September 08, 2011
According to multiple reports, Peyton Manning(notes) underwent another surgical procedure on Thursday, and it sounds like a worst-case scenario (if not something beyond the worst-case scenario). ESPN's Chris Mortensen reports that Manning's latest surgery was cervical fusion, with perhaps a three-month recovery time line. Brutal news for one of the all-time quarterbacks, an elite fantasy commodity.
At this point, you have to assume that Manning won't play a down of football this season, although we don't yet have official word.
Peyton has undergone this surgery today by having a single level anterior fusion. The surgery was un-eventful.
This procedure is performed regularly throughout the country on persons from all walks of life, including professional football players. Two former Colts players had this same procedure last winter and have fully resumed their careers. Rehabilitation from such surgery is typically an involved process. Therefore, there will be no estimation of a return date at this time. We will keep Peyton on the active roster until we have a clearer picture of his recovery process.
I almost hate to attach fantasy spin to this, because the story seems so grim, and this is a player of such importance to the NFL. We're all hoping Manning recovers fully. The only recent example I can recall of a significant skill player undergoing something like this is Steve Slaton(notes), and he remains in the league. Let's not assume Manning's career is in jeopardy just yet. The news is already ugly enough.
The Colts move forward with 38-year-old Kerry Collins(notes), a monolithic QB learning the offense on the fly. Manning has of course built rapport with his receivers over many years; Collins is far less skilled and has only had a few weeks with the team. Indy's offense will still likely support at least one every-week fantasy receiver, so Reggie Wayne(notes) remains in my rest-of-season top-20 (though not the top-10). The Week 1 match-up isn't too shabby, as Houston had the NFL's worst pass defense in 2010 (267.5 pass yards per game). If I could re-do the preseason tight end ranks, Dallas Clark(notes) would slip beyond Owen Daniels(notes) and Jimmy Graham(notes), into the Gonzalez-Winslow range. Austin Collie(notes) and Pierre Garcon(notes) would fall into to the high-30s at receiver.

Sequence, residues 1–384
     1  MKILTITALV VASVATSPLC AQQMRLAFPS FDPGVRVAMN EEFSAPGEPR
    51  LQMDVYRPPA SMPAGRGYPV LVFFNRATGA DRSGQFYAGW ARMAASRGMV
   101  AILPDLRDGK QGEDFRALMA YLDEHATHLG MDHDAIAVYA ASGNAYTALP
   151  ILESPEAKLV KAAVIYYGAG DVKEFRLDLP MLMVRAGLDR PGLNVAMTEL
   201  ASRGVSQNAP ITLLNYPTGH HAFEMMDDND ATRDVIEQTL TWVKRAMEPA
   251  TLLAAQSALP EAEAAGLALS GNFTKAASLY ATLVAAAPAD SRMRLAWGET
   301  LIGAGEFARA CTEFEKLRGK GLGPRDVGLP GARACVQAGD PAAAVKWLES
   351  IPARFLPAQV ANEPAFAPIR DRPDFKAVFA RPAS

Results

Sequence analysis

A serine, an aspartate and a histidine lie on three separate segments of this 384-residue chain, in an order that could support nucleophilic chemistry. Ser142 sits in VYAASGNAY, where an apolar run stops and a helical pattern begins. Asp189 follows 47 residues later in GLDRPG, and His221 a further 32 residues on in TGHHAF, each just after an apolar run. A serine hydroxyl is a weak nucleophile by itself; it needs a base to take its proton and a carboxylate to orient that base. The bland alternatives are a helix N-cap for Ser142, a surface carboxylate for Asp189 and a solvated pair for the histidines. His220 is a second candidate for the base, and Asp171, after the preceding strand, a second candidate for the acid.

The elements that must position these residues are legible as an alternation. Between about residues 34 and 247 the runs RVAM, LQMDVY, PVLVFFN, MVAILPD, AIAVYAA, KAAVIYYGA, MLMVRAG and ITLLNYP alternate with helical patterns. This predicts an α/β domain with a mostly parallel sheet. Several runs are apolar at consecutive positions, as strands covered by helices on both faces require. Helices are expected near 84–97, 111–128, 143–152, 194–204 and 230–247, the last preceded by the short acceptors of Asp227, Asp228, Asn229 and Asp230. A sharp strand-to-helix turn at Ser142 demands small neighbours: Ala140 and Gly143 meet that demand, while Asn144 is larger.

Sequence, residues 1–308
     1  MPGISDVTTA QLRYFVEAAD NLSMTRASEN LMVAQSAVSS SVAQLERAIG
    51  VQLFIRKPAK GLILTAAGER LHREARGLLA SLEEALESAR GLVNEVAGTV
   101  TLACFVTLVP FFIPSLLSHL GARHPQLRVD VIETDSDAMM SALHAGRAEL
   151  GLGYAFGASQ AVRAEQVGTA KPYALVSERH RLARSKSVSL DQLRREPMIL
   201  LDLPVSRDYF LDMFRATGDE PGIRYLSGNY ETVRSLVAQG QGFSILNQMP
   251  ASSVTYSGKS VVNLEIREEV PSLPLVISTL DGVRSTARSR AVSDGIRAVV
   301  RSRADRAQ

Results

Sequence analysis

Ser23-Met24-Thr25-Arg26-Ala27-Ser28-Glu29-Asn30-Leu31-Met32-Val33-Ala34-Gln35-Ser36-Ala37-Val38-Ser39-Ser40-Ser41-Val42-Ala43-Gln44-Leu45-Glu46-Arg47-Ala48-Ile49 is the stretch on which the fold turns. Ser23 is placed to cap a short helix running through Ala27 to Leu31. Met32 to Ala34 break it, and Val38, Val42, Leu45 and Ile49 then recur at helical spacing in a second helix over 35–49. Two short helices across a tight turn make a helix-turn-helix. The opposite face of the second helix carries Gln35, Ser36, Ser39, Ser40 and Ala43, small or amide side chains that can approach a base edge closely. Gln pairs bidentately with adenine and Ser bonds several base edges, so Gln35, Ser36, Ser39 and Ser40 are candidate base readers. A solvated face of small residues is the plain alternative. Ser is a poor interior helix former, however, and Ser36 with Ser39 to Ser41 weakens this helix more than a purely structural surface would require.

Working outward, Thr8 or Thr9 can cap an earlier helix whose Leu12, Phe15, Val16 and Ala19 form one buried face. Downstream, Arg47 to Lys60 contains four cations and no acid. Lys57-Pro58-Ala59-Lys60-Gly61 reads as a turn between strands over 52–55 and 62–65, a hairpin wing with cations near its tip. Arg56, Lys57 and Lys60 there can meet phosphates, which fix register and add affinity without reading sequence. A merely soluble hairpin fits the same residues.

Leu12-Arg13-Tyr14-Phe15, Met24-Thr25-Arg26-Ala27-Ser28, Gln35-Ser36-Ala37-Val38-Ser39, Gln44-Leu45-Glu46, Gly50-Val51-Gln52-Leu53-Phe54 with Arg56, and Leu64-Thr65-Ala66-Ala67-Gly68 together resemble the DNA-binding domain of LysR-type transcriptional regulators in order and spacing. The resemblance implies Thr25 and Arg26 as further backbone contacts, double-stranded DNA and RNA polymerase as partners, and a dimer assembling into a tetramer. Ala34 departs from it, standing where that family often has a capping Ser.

It's fine to say that the Colts should run the ball more frequently with Manning sidelined, but that's not what this offense (or this O-line) is really built to do. They ranked 29th in rushing last season, 32nd the year before, and 31st in '08 — and you should blame the system for those finishes as much as the running backs. Indy can't simply decide to be a great running team, then transform by Sunday. The NFL doesn't work that way.
In short, don't look for a silver lining here, because you won't find one.
Hopefully you drafted another high-end quarterback to pair with Peyton, because we all knew the neck issue was out there. (And if your league's Manning owner doesn't have a Plan B, then this is the right time to offer a deal). For those in need of a one-week spot starter who isn't Kerry Collins, here are a few widely available options, arranged according to my preference:
Mark Sanchez(notes) vs. DAL (61 percent)
Kyle Orton(notes) vs. OAK (68 percent)
Colt McCoy(notes) vs. CIN (38 percent)
Matt Hasselbeck(notes) vs. JAC (16 percent)
Alex Smith vs. SEA (10 percent)
Ryan Fitzpatrick(notes) at KC (46 percent)
Rex Grossman(notes) vs. NYG (5 percent)
Cam Newton at ARI (33 percent)
Jason Campbell(notes) at DEN (11 percent).
Good luck, Peyton owner, because you'll need it. And good luck, Mr. Manning. Get right, and get back soon.
Photo via US Presswire